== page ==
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Thai families in mourning over mystery killing of two Thai students in the US

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“The room was locked from the inside when the building manager tried to gain entry, apparently adding substance to the theory there was nobody else involved.”

Kornkamol Leenawarat left from Thailand back to Seattle, Washington on August 21. Just two weeks later she has been found dead in her apartment along with the body of her roommate Thiti-orn Chotchuangsap.

The only daughter and youngest child in her family, Kornkamol returned home early last month to celebrate Mother’s Day on August 12 with her father and older brothers; her mother had already passed away.

Seattle police are investigating the murders of both Washington University post-graduate students.

Reports of the killings detailed how the victims’ bodies were riddled with knife wounds, causing alarm in Seattle that such a vicious act could occur in the quiet residential area close to the university and in a city regarded as one of the safest in the United States.

Kornkamol was studying law in Seattle, having graduated with a bachelor’s degree from Thammasat University and attained a master’s degree, also in law, from a university in Boston, Massachusetts.

Her family lives in Pathum Thani province, where they are well known, due to some of them being local politicians. They say Kornkamol’s ultimate goal was to one day become a judge. The only information to have emerged so far about Thiti-orn is that she was from Samut Sakhon province.

Deputy immigration police commissioner Itthipon Itthisarnronnachai said yesterday he had been notified that both bodies had been discovered on Tuesday bearing multiple stab wounds.

He declined to speculate on details surrounding the deaths, in particular on speculation in US media reports that this was a murder or murder-suicide.

The murder-suicide theory was raised following a report that the apartment was locked from the inside when a building manager went to check it at the request of Kornkamon’s family, made through their relative in the US.

Kornkamol contacted her family almost daily, so they were immediately concerned after they failed to reach her and university administration officers told them she had been absent from class for many days.

Ittipon confirmed the report that the room was locked from the inside when the building manager tried to gain entry, apparently adding substance to the theory there was nobody else involved. Moreover US police have declared that they are not seeking any suspects.

Speaking at the same press conference, Pol Lt General Suthipong Wongpin, immigration police commissioner, said immigration records showed that Kornkamol had left Thailand on August 21 and Thiti-orn on August 27.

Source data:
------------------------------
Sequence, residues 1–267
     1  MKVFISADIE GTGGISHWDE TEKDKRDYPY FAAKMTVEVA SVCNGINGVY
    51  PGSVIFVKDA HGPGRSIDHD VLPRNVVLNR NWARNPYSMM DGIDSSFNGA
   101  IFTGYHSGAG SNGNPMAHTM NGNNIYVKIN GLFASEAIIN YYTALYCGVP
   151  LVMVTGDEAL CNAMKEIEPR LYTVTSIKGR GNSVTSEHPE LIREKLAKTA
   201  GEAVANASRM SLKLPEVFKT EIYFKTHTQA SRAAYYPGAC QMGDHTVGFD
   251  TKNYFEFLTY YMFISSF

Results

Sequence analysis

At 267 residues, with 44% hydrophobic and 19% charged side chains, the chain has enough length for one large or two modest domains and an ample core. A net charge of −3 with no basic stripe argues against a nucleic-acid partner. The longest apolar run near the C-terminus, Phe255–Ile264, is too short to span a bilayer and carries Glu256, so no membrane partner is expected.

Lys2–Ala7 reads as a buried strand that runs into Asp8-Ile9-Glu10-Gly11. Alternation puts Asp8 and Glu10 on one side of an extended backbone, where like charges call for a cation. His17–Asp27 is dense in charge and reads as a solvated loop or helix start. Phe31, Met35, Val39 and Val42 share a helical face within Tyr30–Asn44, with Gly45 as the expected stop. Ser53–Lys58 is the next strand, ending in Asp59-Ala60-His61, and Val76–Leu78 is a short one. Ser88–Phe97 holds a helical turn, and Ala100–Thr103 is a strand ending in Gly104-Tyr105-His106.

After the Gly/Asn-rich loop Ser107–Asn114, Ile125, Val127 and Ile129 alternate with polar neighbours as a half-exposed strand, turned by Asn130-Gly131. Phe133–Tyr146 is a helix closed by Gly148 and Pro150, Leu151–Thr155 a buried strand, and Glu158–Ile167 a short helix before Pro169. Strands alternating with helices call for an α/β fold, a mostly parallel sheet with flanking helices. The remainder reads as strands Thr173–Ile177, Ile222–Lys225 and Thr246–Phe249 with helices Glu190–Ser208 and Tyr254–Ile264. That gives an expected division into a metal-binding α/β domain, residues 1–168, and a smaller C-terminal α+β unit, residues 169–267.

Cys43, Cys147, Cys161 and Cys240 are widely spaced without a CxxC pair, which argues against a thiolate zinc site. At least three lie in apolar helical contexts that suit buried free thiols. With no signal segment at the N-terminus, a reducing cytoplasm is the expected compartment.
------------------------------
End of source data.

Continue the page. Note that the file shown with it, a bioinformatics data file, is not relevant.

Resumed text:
Immigration police will liaise with relevant authorities to help the families of both women travel to the US.

An elder brother of Kornkamol, Weerasak Leenavarat, said that his family is in deep mourning for the loss of their friendly and lively daughter and sister.

SOURCE: The Nation

Thai families in mourning over mystery killing of two Thai students in the US | News by The Thaiger

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Economy

“Protests could affect the economy” – Bank of Thailand

Caitlin Ashworth

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“Protests could affect the economy” – Bank of Thailand | The Thaiger

The ongoing political protests could have a negative impact on Thailand’s already crippled economy by weakening domestic consumption and tourism even more, according to the Bank of Thailand. The bank’s newly appointed governor Settaput Suthiwart-Narueput, who started this month, says they need to keep a close watch on the situation.

“Basically, the political factor is one of the uncertainties… It could affect the economy, particularly consumer confidence and tourism. The central bank has been monitoring the situation closely especially how all the parties concerned handle the protests.”

The halt of foreign tourist arrivals over the past 7 months have heavily impacted the economy. Thailand lost 1.6 trillion baht, or 10% of the GDP. Around 40 million foreign tourists visited Thailand last year while this year is only expected to have a total of 6.7 million. The bank’s governor says it’s going to take some time for the economy to recover.

“It will take at least 2 years for the economy to return to pre-pandemic levels… From now on, the economy is likely to see a continuous contraction on a quarterly basis. It is expected to begin to show a positive growth rate in the second rate in the second quarter of 2021 and be back to normal growth in the third quarter of 2022.”